Written with the pace and thrust of a thriller, this is a stunning intellectual adventure, a moral fable bursting with art, poetry, music, and profound philosophical insight.
In this gripping
fable, a young man on an aimless journey crosses a border into a world of
unexplained threats and terrifying violence.
Drawing readers in with a cool, oddly appealing bluntness, the narrator of The Society of Others launches a disturbingly surreal tale of his adventures in an unnamed country somewhere in Eastern Europe. His plan is to hitchhike through Europe without any destination, but like a character in a Kafka novel, he finds himself confronting a world that defies rational explanation and descending into an orgy of violence that threatens to destroy his power to control his identity.
Written with a pace and thrust of a thriller, The Society of Others is a stunning intellectual adventure, a moral fable bursting with art, poetry, music, and profound philosophical insight.
I'm writing this by the light of a new day, with a pen on paper, the old way. No
seamless corrections possible here. I want to see my first thoughts, and the
words I cross out, and the words I choose to replace them. First thoughts are
usually lies. Vicino says, Write something about yourself, then write the
opposite. Then open your mind to the possibility that the second statement is
I'm not a bad person. I'm a bad person.
I didn't mean to kill the man in the reading room. I did mean to kill the man in the reading room.
What happened afterwards wasn't my fault, don't blame me. It was my fault. Blame me.
So this is the story of how everything changed. I'm not going to tell you my name. If you want a name, use your own.
Begin with a day picked at random, recalled without hindsight. I must do my best to make you understand what I was, because only then will you understand what I have become. The operation has been a ...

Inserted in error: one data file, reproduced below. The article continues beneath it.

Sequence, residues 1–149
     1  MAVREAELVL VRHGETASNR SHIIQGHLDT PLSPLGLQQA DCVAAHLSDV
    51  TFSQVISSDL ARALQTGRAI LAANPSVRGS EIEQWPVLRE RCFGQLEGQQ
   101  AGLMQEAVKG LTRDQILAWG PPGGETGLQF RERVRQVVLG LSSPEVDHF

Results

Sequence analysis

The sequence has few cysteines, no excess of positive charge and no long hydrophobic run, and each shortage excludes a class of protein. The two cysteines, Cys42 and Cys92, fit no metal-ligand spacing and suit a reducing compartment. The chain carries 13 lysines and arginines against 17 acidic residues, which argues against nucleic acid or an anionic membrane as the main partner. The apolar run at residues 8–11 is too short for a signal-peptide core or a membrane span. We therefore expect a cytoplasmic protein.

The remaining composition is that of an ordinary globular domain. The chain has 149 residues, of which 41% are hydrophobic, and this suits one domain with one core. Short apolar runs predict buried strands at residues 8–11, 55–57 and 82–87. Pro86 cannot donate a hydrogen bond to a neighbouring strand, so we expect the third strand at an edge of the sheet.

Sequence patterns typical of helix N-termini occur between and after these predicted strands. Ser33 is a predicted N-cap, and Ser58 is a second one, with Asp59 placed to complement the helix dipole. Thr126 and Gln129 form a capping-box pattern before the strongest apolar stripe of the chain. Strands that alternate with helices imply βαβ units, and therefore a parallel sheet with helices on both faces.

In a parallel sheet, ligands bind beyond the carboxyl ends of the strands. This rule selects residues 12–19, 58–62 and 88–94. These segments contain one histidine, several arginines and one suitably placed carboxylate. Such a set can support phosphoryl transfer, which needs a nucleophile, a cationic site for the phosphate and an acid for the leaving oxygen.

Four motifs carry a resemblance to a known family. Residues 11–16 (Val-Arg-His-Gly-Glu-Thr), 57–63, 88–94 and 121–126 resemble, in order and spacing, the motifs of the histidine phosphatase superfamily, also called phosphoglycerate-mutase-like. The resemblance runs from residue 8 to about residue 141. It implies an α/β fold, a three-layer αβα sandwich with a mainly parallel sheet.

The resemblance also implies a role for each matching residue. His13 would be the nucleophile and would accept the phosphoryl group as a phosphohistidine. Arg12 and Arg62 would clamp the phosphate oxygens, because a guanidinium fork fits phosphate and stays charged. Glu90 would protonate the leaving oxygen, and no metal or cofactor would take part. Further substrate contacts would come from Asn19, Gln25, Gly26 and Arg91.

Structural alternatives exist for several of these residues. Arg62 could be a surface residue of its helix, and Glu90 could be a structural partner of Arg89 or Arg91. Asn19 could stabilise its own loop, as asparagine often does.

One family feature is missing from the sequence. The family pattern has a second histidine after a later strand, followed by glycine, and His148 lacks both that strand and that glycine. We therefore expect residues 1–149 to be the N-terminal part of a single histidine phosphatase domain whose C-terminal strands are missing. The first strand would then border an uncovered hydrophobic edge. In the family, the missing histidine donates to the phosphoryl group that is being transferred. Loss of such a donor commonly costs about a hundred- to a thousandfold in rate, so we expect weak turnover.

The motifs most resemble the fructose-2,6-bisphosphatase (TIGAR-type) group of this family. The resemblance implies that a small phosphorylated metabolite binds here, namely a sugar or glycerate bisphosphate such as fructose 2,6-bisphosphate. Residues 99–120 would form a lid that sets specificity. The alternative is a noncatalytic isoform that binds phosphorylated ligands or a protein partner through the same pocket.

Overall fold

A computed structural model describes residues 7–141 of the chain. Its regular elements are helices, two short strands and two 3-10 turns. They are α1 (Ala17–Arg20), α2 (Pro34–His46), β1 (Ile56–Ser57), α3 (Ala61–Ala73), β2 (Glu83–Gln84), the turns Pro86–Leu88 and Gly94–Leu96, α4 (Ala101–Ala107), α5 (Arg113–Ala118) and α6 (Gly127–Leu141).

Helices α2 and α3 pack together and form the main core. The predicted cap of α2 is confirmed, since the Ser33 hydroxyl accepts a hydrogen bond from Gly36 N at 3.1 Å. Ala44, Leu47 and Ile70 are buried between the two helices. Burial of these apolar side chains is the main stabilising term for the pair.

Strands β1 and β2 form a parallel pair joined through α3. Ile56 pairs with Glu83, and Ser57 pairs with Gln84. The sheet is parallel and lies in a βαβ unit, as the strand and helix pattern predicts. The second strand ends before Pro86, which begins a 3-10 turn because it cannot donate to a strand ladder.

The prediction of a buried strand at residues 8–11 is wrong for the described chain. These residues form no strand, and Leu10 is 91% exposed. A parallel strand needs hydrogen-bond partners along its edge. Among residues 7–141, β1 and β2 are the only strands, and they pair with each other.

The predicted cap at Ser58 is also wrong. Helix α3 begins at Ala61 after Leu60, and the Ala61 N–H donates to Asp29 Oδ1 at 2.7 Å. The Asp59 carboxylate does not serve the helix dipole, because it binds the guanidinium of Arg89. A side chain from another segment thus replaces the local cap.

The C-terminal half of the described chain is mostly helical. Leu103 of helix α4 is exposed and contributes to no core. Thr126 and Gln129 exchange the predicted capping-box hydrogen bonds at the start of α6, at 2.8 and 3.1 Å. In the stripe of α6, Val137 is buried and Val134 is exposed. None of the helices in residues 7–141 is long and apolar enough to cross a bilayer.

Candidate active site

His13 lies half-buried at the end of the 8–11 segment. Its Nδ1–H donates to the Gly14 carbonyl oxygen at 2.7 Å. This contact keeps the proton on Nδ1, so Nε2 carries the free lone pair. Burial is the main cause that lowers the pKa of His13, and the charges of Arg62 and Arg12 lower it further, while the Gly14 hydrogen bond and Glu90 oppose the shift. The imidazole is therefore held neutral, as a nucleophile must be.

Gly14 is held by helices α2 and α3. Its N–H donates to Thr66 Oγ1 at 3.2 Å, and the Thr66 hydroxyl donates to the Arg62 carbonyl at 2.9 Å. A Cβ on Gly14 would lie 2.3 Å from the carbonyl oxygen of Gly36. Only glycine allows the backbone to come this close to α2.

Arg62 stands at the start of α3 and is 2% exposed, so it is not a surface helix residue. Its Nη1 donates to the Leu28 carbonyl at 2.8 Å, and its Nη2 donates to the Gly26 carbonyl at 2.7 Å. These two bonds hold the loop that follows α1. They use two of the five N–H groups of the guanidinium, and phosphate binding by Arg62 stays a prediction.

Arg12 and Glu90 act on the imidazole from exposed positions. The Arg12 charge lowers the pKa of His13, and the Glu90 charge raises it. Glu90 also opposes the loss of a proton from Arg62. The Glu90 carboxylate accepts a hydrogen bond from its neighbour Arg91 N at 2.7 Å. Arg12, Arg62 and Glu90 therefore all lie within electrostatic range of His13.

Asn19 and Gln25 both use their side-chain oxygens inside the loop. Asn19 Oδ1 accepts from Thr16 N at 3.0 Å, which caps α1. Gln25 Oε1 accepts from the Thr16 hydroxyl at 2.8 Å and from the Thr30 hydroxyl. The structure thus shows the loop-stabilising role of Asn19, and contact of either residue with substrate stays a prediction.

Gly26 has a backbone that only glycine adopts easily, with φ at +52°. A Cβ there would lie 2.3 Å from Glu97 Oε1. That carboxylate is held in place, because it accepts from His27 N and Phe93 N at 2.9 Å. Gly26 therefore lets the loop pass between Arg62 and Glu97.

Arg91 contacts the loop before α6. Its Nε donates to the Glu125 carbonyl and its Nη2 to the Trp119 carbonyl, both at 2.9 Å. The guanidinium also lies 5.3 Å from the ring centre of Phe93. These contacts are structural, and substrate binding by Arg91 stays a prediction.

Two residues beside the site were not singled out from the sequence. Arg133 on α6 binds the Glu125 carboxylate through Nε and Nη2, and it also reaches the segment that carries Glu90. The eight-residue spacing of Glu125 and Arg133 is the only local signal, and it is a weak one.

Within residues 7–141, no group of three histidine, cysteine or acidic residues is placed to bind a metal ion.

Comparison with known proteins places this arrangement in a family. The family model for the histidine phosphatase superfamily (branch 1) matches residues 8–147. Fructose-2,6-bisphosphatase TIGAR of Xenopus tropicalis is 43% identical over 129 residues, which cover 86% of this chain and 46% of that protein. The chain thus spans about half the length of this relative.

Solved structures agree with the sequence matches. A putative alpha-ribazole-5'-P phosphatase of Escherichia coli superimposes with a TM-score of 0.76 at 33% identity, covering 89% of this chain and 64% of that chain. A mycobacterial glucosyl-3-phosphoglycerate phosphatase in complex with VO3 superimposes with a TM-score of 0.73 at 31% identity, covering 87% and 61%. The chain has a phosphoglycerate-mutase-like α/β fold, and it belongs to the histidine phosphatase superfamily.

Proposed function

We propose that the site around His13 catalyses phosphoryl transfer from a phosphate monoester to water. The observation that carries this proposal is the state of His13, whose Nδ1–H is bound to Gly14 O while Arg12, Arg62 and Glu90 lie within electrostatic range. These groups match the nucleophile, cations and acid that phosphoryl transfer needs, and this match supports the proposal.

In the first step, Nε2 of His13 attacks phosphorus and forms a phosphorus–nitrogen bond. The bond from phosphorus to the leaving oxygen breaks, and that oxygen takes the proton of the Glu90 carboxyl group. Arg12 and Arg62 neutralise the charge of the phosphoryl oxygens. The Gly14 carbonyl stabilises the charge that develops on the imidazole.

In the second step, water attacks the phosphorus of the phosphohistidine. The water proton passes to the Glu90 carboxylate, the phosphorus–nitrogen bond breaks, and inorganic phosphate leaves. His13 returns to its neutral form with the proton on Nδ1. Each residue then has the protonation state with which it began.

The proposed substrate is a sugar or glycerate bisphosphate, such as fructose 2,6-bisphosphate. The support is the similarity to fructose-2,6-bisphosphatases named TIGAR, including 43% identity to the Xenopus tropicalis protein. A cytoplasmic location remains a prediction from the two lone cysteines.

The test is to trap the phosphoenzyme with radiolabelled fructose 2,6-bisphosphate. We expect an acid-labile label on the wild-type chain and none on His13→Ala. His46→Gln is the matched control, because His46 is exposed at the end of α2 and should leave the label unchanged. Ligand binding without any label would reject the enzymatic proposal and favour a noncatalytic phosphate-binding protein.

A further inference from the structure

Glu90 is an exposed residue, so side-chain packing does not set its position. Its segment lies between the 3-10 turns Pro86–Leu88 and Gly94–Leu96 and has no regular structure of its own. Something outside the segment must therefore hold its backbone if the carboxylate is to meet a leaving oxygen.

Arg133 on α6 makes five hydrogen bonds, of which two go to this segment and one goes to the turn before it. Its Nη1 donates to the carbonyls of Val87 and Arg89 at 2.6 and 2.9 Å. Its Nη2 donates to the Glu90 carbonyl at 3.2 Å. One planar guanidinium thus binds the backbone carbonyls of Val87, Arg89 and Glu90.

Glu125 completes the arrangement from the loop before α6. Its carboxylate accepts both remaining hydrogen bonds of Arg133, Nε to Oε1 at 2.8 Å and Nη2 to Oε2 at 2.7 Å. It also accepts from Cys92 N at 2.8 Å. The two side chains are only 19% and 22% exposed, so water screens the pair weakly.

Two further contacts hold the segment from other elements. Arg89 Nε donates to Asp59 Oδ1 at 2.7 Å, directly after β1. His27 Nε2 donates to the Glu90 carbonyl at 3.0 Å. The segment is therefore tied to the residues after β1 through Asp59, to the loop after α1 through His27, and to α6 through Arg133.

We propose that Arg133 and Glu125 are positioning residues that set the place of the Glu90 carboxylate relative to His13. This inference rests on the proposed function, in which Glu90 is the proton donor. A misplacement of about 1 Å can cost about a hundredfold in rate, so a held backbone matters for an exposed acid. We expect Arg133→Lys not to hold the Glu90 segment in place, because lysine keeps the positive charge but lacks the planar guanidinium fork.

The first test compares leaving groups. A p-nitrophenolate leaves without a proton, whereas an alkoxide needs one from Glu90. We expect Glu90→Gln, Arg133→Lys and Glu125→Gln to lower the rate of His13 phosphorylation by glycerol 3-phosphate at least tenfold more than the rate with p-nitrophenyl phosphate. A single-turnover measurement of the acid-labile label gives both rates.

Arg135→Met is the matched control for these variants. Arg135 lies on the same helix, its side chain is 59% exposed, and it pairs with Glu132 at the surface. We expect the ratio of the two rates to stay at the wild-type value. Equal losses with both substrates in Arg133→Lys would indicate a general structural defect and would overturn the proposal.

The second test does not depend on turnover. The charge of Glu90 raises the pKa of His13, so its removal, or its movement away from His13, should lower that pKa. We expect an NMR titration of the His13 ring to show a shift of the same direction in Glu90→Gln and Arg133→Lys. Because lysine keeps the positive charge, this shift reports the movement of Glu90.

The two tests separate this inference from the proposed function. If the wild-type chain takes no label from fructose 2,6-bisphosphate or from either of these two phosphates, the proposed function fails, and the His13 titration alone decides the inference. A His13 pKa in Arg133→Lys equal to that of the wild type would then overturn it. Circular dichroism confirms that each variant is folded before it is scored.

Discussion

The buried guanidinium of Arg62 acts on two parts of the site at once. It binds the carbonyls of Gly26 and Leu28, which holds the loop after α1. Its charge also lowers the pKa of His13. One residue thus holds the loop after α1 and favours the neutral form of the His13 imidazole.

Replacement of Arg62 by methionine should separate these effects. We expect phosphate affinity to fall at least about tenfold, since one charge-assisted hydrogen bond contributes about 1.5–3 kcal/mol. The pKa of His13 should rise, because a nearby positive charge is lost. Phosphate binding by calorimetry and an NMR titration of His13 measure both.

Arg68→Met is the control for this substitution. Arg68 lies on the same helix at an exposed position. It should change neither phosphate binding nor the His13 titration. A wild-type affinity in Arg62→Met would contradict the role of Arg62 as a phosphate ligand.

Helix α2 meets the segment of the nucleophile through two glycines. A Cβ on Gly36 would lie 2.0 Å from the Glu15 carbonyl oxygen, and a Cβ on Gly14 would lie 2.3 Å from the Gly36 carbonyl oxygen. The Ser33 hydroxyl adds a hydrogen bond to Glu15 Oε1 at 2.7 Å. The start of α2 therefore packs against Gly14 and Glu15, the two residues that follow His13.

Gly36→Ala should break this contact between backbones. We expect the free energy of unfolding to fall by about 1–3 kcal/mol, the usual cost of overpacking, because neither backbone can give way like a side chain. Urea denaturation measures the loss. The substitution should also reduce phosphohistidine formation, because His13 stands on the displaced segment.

The Society of Others is an extraordinary book that can be read on
many levels. A number of reviewers compare it to Kafka's works. There are similarities but also differences, in that Kafka tends to set up impossible
situations (such as a man being transformed into an insect) and then imbues his
stories with such realism and attention to detail that the events become real. Nicholson achieves the same end
result but starts, as it were, from the opposite end - moving from real to
surreal with such aplomb that the reader is likely to cross the border line from
one to the other with, almost, unquestioning acceptance.
The fact that The Society of Others is open to interpretation has led to mixed reviews. For example, Geoffrey Wansell writing for the Daily Mail (UK) says, 'it is thrilling in every sense, but it is also hypnotic, fast-moving, and intellectually challenging, as it twists and turns, leaving you confused, uncertain, even uncomfortable, and yet utterly hooked. A philosophical master class, it is quite staggeringly good, whereas the reviewer for Publishers Weekly (who some might feel have missed the point) says, 'the moral of the story—you snots in the West don't know how good you have it—comes through so early that the protagonist's final transformation to good, loving citizen and son feels redundant. As always, you can read an excerpt for yourself, taken from the first chapter. However, read in isolation, these first pages don't do justice to the book as a whole. (Reviewed by BookBrowse Review Team).
William Nicholson is a playwright for
film, TV and stage. His TV credits include Shadowlands (the life of C.S. Lewis)
and Life Story, both of which won
the BAFTA Best Television Drama award in their year. His
first play, an adaptation of Shadowlands for the stage, was Evening
Standard Best Play of 1990, and went on to a Tony-award
winning run on Broadway. He was nominated for an Oscar for the
screenplay of the film version, which was directed by Richard
Attenborough and starred Anthony Hopkins and Debra
Since then he has ...
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